6 common things you might be doing wrong with your table saw

Hey I'd like to point out a few common
mistakes I sometimes see people make when using a table saw and frankly I've
been guilty of some of these myself so I hope this video will serve as a
refresher for all of us correcting these bad habits will help
you get better cleaner cuts and make using your saw safer and if you're
brand new to using a table saw be sure to check out my video Seven Things to
get Started Using a Table Saw in that video you'll get a rundown of safety
procedures and how to make basic cuts also if you're looking for affordable
tool recommendations I want you to download my free guide to outfitting
your shop for under $1000 at mytoollist.com and just so you know I keep
this list updated so my tool picks are current I've got links to all of these
resources down in the description when making a cut it's important to know the
difference between your workpiece and your cut off piece and which piece needs
support usually you want to provide support for the workpiece the part of
the board that you've measured and are using for your project when
cross-cutting using your miter gauge that'll look something like this what
happens is sometimes the non-supported side stops moving through the blade and
you won't get a clean cut an exception is when using a stop block
on your rip fence to make repeated cuts on small pieces where you'll be
supporting the cutoff side it's not really a problem but you might
need to clean up those little splintery corners you definitely don't want to try
setting up a stop block on your miter gauge for cutting multiple small pieces
most of the board will be unsupported which could cause it to tip and it
places your fingers way too close to the blade a better solution to all of this
is to make yourself a crosscut sled this jig will give you cleaner more accurate
cross cuts and both sides of the wood are fully supported throughout the
entire cut when using your rip fence to cut a wide board you almost always want
your workpiece to be on the side between the blade and the fence
it can be tempting to guide the sheet from the cut off side but as soon as the
cut is made you're putting lateral pressure on the saw blade instead of the
fence this can cause the board to bind and lead to cuts that aren't square
instead support the workpiece and keep the pressure against the fence not the
blade I'm sure you already know the importance of pushing wood through your
table saw using something other than your fingers your table saw probably
came with one of these a push stick which is a good starting point but a lot
of people use it wrong for starters one push stick isn't enough you need two one
to push the lumber forward through the blade and the other to keep the wood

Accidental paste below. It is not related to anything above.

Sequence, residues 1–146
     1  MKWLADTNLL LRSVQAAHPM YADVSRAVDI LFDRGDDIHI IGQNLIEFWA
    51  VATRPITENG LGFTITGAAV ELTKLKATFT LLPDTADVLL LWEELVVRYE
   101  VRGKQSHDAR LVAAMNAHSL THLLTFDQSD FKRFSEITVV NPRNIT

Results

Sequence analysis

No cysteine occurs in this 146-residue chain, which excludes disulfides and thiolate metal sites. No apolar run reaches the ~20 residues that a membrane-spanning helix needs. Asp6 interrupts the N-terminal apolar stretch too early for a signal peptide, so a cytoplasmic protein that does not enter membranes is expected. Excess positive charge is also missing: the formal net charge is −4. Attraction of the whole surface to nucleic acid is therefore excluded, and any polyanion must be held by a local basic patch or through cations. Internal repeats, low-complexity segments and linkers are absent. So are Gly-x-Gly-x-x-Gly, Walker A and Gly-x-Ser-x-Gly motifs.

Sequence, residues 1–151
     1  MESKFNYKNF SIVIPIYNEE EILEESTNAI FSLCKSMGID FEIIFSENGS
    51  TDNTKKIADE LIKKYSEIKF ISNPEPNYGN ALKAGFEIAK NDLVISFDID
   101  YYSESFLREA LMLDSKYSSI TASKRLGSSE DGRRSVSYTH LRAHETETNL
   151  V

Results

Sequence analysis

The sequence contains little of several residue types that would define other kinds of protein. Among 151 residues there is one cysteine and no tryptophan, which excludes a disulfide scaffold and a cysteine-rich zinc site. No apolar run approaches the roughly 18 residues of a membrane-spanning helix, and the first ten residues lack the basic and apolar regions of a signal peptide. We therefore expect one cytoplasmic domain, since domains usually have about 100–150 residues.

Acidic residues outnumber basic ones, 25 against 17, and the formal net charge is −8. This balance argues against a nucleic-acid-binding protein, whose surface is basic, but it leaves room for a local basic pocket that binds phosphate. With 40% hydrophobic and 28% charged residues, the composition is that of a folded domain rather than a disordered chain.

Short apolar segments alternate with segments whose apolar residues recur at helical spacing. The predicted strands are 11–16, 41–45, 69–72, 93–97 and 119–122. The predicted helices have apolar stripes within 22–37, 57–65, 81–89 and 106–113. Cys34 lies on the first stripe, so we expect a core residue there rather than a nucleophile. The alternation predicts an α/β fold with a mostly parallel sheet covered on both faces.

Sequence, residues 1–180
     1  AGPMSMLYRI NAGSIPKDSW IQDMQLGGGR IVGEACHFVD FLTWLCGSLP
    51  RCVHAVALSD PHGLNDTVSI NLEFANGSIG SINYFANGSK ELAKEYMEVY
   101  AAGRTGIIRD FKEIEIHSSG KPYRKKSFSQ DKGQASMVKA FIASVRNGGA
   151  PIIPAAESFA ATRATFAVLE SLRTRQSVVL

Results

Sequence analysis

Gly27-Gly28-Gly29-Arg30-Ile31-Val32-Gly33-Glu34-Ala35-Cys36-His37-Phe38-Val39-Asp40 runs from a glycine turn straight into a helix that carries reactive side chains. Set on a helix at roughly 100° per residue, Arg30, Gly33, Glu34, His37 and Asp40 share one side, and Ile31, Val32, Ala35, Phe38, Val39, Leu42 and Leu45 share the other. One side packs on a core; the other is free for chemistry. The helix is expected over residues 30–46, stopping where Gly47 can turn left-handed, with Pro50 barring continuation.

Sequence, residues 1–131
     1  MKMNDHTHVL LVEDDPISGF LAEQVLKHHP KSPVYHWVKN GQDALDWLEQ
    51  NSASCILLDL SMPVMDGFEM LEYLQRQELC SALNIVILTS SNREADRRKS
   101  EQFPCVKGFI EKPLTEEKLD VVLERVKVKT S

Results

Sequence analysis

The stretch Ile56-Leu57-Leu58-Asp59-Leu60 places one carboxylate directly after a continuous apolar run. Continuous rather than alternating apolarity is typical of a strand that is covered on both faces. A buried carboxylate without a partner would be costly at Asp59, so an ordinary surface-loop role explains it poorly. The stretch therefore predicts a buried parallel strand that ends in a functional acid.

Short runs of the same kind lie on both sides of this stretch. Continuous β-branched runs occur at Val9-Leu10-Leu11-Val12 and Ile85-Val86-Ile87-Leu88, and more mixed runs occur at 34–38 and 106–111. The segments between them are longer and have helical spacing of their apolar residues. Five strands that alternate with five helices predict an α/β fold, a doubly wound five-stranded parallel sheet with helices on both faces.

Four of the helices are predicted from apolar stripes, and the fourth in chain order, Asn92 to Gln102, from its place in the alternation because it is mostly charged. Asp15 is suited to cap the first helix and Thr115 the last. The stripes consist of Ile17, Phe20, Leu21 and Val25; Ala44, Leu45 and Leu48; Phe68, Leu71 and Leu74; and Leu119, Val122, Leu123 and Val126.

press downward and against the fence for a safe and effective cut using your rip
fence there are three directions of pressure you need to provide on every
cut forward downward and inward to use push tips use the cleat on one to push
the board forward and a second push stick to press down and toward the fence
and do this only on the front side of the blade once the board is cut you
don't want to press inwards on the blade an improvement would be a push stick
like this that provides better downward pressure but you still need a push stick
to press inward in order to ensure an accurate cut you
can make this with just a scrap of plywood to make it even simpler I've
included a free cutting template you can download there's a link in the
description but of course my favorite option is the gripper a push a block I
want to point out that micro jig is no longer a sponsor of my show or this
video but I love them and I honestly feel the gripper is absolutely the best
way to get accurate and safe cuts not only does that green grippy stuff allow
you to easily press the workpiece in all three directions but it also supports
the off cut side look it's kind of a luxury tool but it'll definitely improve
your cut and keep you a lot safer don't ever try this always provide support
with a fits okay this is kind of a minor one but we've all done this you replace
the blade you put the nut back on the arbor what do you do you totally crank
down that nut because we don't want that blade flying off right I mean that would
make for a really bad day then what happens and we want to try to remove
that nut it feels like it's just used on there so we pull and pull with all our
bite and it breaks loose all at once and what happens your knuckles go crashing
into your table or worse into the blade itself and that hurts I've done it so
the tip here is when you're installing a blade just crank down that nut until it
stops you don't need a lot of tightening pressure on it don't worry the blade
isn't going anywhere the blade spins in the opposite direction of the threads on
the arbor so the nut is sort of self tightening in a way the basic rule here
is to support the long side of the board not the short side if the board seems to
want to wobble a little bit you want to use
your miter gauge instead anything that can cause the wood to tip a little bit
opens up the possibility of a skewed cut or worse yet the danger of kickback

As found on YouTube

Related Posts